77044 The Effects of Progressive Water Stress On Soybean Plants.

Poster Number 36

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See more from this Session: Undergraduate Poster Crops & Soils
Sunday, February 3, 2013
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Christine Bridges, Mudlagiri Goli, Sherry Lampkin and Manju Pande, Natural Sciences and Environmental Health, Mississippi Valley State University, Itta Bena, MS
Water stress affects the entire plant physiology, affects water status of the plant, leaf water potential, stomatal conductance and  leaf photosynthesis. Drought reduces the yield of soybean crop by 40%  affecting all stages of plant development and reducing the quality of seeds. The aim of this experiment was to evaluate the effect of water stress (WS) on soybeans by using three progressive water stress points. The evaluation was conducted using 2Day (2D), 4Day (4D) and 6 Day (6D) irrigation as three WS points, in which soybean RR resistant cultivars DK 4968 and Pioneer Y9570 were investigated for signs of stress. The study revealed physical evidence of the stress in the DK 4968 and Pioneer Y9570 under progressive water stress. The 2D (WS) soybean plants reveal little stress factors, while 6D (WS) revealed extreme stress factors in both soybean cultivars. Chlorophyll conductance and stomatal conductance were measured to evaluate the effect of water stress on the above parameters. Fresh weight and the dry weight was measured to calculate the biomass of the plants undergoing progressive water stress. Based on our results, there was significant decrease in the biomass of plants in water stressed plants. There was significant effect on the stomatal conductance as well, however, chlorophyll concentration increased in water stressed plants compared to 2D watered plants in response to stress.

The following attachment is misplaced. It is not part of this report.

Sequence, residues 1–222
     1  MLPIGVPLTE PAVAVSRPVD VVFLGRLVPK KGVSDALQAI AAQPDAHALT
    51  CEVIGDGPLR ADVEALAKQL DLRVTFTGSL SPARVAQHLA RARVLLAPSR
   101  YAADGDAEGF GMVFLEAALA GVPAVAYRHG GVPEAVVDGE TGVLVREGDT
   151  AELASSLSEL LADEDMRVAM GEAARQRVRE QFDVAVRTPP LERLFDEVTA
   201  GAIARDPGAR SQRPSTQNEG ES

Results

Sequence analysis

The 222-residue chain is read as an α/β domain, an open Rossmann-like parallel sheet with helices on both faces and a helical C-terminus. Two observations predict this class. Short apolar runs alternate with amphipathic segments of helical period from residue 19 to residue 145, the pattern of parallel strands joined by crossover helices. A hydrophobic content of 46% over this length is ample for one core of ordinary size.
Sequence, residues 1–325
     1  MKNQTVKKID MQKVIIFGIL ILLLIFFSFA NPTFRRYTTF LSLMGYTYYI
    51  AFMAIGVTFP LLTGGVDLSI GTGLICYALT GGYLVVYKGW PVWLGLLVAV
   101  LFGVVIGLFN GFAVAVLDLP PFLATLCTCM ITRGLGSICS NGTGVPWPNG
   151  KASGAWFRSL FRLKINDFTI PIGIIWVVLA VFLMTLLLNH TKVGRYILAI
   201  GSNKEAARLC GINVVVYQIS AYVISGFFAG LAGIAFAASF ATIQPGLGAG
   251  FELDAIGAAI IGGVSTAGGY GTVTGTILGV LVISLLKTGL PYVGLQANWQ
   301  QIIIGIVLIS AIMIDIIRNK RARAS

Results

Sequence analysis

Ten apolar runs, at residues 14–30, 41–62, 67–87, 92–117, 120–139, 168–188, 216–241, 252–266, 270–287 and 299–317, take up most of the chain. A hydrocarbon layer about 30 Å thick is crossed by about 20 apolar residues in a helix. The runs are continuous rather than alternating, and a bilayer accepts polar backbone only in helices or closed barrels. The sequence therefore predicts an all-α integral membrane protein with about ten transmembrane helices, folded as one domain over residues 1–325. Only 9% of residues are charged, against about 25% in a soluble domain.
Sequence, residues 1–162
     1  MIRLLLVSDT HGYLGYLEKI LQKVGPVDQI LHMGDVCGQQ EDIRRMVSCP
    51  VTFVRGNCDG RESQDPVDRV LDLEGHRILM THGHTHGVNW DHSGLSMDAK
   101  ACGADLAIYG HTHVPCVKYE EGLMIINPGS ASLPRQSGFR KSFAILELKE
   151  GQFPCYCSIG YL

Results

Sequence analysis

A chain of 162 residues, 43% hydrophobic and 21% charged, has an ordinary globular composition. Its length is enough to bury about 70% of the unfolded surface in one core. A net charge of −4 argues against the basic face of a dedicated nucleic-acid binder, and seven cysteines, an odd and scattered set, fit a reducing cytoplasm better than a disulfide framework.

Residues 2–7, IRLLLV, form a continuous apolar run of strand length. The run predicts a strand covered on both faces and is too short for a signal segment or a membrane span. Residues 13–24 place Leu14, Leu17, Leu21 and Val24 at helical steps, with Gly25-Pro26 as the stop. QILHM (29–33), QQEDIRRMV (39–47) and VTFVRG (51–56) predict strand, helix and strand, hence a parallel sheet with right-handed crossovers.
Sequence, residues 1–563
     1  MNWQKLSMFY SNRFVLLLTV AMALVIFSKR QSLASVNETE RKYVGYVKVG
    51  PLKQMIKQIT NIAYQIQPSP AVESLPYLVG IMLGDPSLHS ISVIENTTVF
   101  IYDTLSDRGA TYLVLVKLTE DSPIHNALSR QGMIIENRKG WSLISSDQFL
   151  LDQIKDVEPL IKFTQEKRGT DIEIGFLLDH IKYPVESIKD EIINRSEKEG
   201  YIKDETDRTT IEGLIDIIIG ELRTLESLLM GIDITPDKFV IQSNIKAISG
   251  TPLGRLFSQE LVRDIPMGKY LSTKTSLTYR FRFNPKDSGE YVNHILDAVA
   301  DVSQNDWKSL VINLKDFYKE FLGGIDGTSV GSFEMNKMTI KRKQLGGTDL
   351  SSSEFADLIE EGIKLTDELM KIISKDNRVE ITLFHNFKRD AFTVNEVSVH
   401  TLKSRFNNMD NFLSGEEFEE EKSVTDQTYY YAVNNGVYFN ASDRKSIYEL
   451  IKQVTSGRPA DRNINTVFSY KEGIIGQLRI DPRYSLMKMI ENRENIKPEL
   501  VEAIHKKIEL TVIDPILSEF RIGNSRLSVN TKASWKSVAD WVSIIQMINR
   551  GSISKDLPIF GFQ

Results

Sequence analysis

See more from this Division: Submissions
See more from this Session: Undergraduate Poster Crops & Soils